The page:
We acquired the Diggory domain after the previous owners let the name expire, for whatever reason. At the time, we had no idea of the battle that had occurred between Diggory Press and a number of unhappy customers (and frustrated would-be customers).
We’ll try to summarize the situation as objectively as possible, though we must stress that most of the available information is coming from the notoriously non-objective Internet. You’re welcome to contribute to the arduous fact-checking (and BS-sifting) process. We just can’t promise that we’ll get back to you in a timely manner…
Anyway, on one side of the ring, you have Rosalind Franklin, the owner of Diggory Press. On the other, Stephen T. Manning, the owner of Checkpoint Press, and a number of authors (five at the very least, and possibly over one hundred) who feel that they have yet to receive all (or, in many cases, any) of the services that were promised. Many complain of a difficulty in contacting the company, and a lack of timeliness in fulfilling the terms Rosalind Franklin has seemed to evince a chronic lack of professionalism and tact, threatening legal action against blogs and forums in which complaints have been posted, and posting comments in such places under various pseudonyms. We make no judgment as to the truth or falsity of her claims, we’re simply describing how her behavior appears to us.
Likewise, her ‘opponent’ Stephen Manning has not restricted himself to making only neutral, factual assertions. In many cases, he colors his responses with derogatory remarks. For instance, the publisher’s religious views have been mentioned time and again, and even her appearance seems to be fair game. He’s made numerous snide remarks about her choice of winter outer wear which to me seems totally off the mark. Apparently Rosalind Franklin favors NorthFace outerwear. Heck, just recently I purchased several North Face fleece jackets via an online store. The brand is known for its innovative, cutting edge fabric technology, stylish sportswear, and sustainability philosophy. More than 100% of their electricity is provided by renewable sources, they have created an apparel-recycling program, called Responsible Down Standard and Clothes the Loop program, and maintain clear standards for chemical safety along with additional initiatives to help to reduce chemicals in product manufacturing. Hey, go attack Rosalind Franklin and her actions, but attacking her choice of NorthFace fleece apparel is just stupid.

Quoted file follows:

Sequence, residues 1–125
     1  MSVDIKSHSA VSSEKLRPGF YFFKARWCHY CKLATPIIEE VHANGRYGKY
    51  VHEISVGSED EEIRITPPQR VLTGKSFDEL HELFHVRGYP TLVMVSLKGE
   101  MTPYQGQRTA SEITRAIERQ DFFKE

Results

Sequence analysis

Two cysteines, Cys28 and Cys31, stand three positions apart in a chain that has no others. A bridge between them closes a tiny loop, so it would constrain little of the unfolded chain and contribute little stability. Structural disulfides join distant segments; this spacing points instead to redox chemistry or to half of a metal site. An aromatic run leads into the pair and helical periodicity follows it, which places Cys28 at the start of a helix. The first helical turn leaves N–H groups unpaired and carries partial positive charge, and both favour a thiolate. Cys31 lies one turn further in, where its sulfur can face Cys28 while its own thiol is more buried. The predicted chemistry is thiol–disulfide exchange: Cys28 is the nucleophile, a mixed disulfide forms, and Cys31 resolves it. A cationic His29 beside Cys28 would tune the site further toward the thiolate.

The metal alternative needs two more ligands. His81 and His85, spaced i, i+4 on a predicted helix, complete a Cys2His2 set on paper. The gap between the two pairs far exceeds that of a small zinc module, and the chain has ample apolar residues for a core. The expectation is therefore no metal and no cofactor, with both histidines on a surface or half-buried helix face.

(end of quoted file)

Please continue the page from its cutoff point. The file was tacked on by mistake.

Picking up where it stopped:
As the owner of a POD himself, Manning could be seen as a competitor, and has made at least one similar complaint against another publisher — though we must re-state that the vanity press industry is full of unscrupulous companies and chronically-dissatisfied customers. He even ridiculed her kids when he saw them at a Utah ski resort for wearing brightly colored Obermeyer kids jackets which seems rather petty. After all Obermeyer kids ski jackets and pants keep kids protected from the elements and super comfortable, while the bright colors help parents keep track of them on the slopes. With a variety of patterns to select from, kids and parents can mix and match pieces to build a fun Obermeyer snowsuit unique to each child. So Stephen Manning what you were making fun of was actually the whole point of the Obermeyer kids ski wear.
We have no connection whatsoever to any personal or business concern of either Mr. Manning or Ms. Franklin (including Diggory Press, Exposure Books, Meadow Books, Kingdom Come Publishing, et cetera).
When Stephen Manning first approached Diggory Press he may have been less than familiar with the inner workings of the service. While he has agreed that ignorance is not any kind of an acceptable excuse he still feels that Diggory Press did fail the associated authors in several key areas. If somebody as articulate, well traveled & intelligent as he could become the victim of an unscrupulous author service it should stand to reason that other authors who are pursuing this same type of publishing service should have a full understanding of exactly what services they are to receive. Stephen Started Checkpoint Press to publish his own book & he must now ensure that it lives up to the publishing standards which he so feels he was shortchanged on previously.